Slow Food Cycle Sunday, Pemberton's signature summer event, got a new lease on life last Wednesday night. At an intimate gathering of about 50 friends and supporters at the Black Squirrel, organizers handed over the reins to Tourism Pemberton.
The reason? The event has grown so large that it requires more resources than a handful of committed volunteers can manage. While many people would have let the event die, the two women at the heart of this amazing event knew it had to go on — it has brought so much to agricultural appreciation, tourism and the Pemberton community.
For nine years, Anna Helmer (fellow Question columnist) and Niki Vankerk, worked tirelessly to produce the annual event, writing grant applications, finding volunteers, communicating with stakeholder groups, coordinating farm participants and doing everything required to make each year a resounding success. They called in favours from friends (like co-founder Lisa Richardson), family and fellow farmers. They liaised with community stakeholders and local government.
For months leading up to the third Sunday in August, getting the event together was an all consuming part-time job for both of them, requiring virtually all of their "spare" time.
You see, it's one thing to invite a friend from the city to come and experience a gentle ride up the valley. It's easy to teach one person the rules of the road, but try doing that with thousands of friends. And yes, I use the word friends quite seriously, because Slow Food Cycle Sunday has lots of friends — committed folks who make the journey every year, many coming from the Lower Mainland and beyond.
The event started out with about 400 riders and has grown to 10 times that size. It's appeared in international travel publications as lofty as National Geographic Traveller. It's introduced hundreds of people to the tasty food and spectacular setting that makes the Pemberton Valley so very special. And it's created a day that is as much about locals having fun and sharing community pride as it is about attracting tourists to the area.
Last year, following an unrelated fatal vehicle accident that occurred on the route on event day, Anna and Niki had to seriously consider the future. In the wake of the tragedy, Anna and Niki considered a hiatus for 2014, knowing that they would be dealing with more rigorous traffic management issues as well as the increased logistics and security issues that an event of Slow Food's 4,000-plus audience requires.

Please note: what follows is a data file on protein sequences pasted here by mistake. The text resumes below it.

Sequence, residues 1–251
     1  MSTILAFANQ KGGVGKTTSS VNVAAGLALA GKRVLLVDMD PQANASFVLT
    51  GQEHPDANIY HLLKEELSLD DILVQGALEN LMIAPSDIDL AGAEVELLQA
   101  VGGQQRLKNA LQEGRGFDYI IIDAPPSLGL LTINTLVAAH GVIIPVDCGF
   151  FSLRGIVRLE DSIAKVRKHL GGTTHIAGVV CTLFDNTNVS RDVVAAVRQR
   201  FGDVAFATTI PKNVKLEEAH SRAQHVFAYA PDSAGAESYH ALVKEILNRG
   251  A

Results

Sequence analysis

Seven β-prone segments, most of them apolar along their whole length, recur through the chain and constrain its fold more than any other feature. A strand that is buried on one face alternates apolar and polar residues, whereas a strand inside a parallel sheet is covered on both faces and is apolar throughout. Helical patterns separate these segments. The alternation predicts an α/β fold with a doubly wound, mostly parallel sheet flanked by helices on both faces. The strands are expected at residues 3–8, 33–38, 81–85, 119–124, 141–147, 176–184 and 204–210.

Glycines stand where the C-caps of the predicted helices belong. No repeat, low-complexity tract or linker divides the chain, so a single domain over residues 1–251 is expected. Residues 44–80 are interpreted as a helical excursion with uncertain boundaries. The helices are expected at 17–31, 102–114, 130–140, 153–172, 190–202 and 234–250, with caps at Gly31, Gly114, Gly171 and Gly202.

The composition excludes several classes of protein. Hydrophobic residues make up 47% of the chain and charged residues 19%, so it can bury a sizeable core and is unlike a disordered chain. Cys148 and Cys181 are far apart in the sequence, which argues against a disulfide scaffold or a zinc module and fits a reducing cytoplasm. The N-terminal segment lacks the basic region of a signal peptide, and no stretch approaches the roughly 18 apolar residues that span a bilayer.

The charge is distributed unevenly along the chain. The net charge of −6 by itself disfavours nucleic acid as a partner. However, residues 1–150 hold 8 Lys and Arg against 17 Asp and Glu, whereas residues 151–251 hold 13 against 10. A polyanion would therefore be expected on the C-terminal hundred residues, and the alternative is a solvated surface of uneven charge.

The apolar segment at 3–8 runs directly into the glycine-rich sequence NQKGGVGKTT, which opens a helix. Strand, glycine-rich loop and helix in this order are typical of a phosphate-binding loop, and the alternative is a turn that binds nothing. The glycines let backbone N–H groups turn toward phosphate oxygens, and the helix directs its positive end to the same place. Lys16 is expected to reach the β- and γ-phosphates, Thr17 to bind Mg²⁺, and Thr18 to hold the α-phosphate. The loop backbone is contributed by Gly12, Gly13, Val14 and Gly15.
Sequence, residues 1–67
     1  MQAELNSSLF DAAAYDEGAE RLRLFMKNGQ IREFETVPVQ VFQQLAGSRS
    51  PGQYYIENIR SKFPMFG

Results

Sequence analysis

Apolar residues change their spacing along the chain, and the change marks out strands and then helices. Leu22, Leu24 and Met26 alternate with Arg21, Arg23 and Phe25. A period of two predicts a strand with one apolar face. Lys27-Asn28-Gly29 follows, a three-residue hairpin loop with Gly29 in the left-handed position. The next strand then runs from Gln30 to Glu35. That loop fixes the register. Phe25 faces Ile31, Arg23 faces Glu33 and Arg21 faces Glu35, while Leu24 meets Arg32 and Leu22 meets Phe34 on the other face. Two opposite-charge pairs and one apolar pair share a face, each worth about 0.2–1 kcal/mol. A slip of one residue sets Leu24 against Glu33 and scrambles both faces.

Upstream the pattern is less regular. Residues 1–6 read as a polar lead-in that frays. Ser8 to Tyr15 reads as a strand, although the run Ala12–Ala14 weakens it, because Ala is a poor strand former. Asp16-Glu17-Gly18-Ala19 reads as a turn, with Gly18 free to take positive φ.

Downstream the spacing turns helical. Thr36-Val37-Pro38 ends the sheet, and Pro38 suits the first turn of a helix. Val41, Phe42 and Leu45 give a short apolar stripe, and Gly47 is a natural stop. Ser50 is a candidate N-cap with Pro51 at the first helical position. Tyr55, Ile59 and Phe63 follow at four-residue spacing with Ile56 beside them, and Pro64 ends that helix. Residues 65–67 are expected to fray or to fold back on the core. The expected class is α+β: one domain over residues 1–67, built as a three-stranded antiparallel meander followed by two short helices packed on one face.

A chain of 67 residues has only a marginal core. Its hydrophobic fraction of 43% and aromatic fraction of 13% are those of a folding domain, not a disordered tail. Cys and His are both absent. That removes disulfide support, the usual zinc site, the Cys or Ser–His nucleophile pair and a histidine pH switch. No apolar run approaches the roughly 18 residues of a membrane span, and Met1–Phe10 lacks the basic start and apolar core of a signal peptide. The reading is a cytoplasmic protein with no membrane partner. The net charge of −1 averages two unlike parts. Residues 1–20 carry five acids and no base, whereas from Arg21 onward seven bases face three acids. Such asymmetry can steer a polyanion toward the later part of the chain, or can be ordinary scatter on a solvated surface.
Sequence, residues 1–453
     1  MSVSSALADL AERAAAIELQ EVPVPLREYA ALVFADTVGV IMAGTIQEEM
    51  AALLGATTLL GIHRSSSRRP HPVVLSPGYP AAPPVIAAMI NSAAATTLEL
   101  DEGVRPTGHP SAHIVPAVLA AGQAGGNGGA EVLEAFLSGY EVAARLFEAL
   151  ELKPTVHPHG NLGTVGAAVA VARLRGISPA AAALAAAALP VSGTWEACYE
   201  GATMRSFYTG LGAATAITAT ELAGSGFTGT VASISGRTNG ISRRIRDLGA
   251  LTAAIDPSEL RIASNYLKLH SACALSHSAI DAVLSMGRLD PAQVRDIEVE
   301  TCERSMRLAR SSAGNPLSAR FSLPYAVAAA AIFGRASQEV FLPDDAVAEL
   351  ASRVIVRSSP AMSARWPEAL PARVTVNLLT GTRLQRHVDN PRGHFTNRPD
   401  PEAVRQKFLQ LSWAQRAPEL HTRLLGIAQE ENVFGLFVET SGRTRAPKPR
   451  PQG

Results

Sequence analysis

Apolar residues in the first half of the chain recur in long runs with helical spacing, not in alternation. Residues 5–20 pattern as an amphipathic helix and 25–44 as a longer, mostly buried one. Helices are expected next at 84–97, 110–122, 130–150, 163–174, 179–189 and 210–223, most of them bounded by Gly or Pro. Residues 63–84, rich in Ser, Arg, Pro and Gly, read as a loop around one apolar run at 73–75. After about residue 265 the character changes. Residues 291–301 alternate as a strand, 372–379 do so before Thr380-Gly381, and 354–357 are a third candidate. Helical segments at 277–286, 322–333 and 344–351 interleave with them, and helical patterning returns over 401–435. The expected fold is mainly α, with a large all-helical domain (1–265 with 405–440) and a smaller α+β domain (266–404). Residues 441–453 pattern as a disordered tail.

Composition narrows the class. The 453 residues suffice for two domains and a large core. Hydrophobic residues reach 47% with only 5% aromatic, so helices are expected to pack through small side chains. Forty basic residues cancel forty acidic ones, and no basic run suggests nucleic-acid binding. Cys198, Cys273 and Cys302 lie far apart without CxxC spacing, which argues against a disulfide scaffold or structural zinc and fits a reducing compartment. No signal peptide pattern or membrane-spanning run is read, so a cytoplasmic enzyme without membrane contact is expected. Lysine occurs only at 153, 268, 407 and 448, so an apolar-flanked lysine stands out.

Their lives have also changed since they first imagined Slow Food Cycle Sunday, and those changes — which include parenthood — were demanding more of their time.
Upon learning that the event was in jeopardy for 2014 — coincidentally Slow Food Cycle Sundays 10th anniversary — Tourism Pemberton stepped in and offered to take on producing the event.
Instead of feeling like they were losing their "baby," Anna and Niki breathed a sigh of relief; they couldn't have imagined a better organization to continue building momentum for the event.
People like Niki and Anna are rare. Most of us find it difficult to commit to a coffee date, much let alone the volunteer production of a major event. And if we do get involved, we often become so emotionally attached to the event it's impossible to let go.
So thank you Anna and Niki for giving the Pemberton Valley something that is original, fun and infuses the community with excitement and pride. I hope next year you'll get a chance to ride the route — I think you'll find it quite a lovely way to spend the day.